column of the file trfonts.map, which can be found in  the  directories
with support files for MetaPost.

MetaPost output can be included in a troff document via the -m pictures
macro package.  In this case mpost should be invoked with the  -T  flag
so  that  the commands between btex and etex or between verbatimtex and
etex are interpreted as troff instead of TeX.  (This automatically sets
prologues:=1 ).



## OPTIONS

       This  version  of  MetaPost  understands  the  following  command  line
options.

-file-line-error
Print error messages in the form file:line:error which is  simi-
lar to the way many compilers format them.

-no-file-line-error
Disable printing error messages in the file:line:error style.

-file-line-error-style
This is the old name of the -file-line-error option.

-halt-on-error
Exit with an error code when an error is encountered during pro-
cessing.

-help  Print help message and exit.

-ini   Be inimpost, for dumping bases; this is implicitly true  if  the
program is called as inimpost.

-interaction mode
Sets  the  interaction  mode.  The mode can be one of batchmode,
nonstopmode, scrollmode,  and  errorstopmode.   The  meaning  of
these modes is the same as that of the corresponding commands.

-jobname name
Use  name for the job name, instead of deriving it from the name
of the input file.

Sets path searching debugging flags according  to  the  bitmask.
See the Kpathsea manual for details.

-mem mem
Use  mem  as the name of the mem to be used, instead of the name
by which MetaPost was called or a %& line.

-output-directory directory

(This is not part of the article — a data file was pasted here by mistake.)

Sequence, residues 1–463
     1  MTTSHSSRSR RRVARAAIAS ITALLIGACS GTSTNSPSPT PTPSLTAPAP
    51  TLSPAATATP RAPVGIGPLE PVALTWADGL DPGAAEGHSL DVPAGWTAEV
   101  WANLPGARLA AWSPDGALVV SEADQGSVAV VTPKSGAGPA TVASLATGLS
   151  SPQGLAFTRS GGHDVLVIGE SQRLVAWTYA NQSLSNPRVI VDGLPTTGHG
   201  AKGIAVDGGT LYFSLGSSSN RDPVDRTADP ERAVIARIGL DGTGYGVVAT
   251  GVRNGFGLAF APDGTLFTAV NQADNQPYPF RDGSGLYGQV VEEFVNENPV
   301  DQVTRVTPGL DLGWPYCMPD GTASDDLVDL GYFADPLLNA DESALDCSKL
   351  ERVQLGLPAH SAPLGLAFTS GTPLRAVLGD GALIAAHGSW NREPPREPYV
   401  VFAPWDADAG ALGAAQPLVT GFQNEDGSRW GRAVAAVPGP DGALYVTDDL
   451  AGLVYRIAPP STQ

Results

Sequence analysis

directory instead of the current directory.  Look up input files
in directory first, the along the normal search path.

-parse-first-line
If the first line of the main input file begins with %& parse it
to look for a dump name or a -translate-file option.

-no-parse-first-line
Disable parsing of the first line of the main input file.

-progname name
Pretend to be program name.  This affects both the  format  used
and the search paths.

-recorder
Enable  the filename recorder.  This leaves a trace of the files
opened for input and output in a file with extension .fls.

-T     Produce TROFF output.

-translate-file tcxname
Use the tcxname translation table.

-troff As -T.

-version
Print version information and exit.



## ENVIRONMENT

       See the Kpathsearch library documentation  (the  â€˜Path  specificationsâ€™
node)  for  the  details  of how the environment variables are use when
searching.  The kpsewhich utility can be used to query  the  values  of
the variables.

If  the  environment  variable TEXMFOUTPUT is set, MetaPost attempts to
put its output files in it, if they cannot be put in the current direc-
tory.

Here  is  a  list  of  the environment variables affect the behavior of
mpost:

MPINPUTS
Search path for input files.

MFINPUTS
Auxiliary search path for input  files  with  .mf  exten-
sions.

MPSUPPORT
Directory  for  various  tables for handling included tex
and troff.

MPXCOMMAND
The name of a shell script that converts  embedded  type-
setting  commands  to  a  form that MetaPost understands.
Defaults: makempx for tex and troffmpx for troff.

TEX    The version of TeX - or LaTeX - to  use  when  processing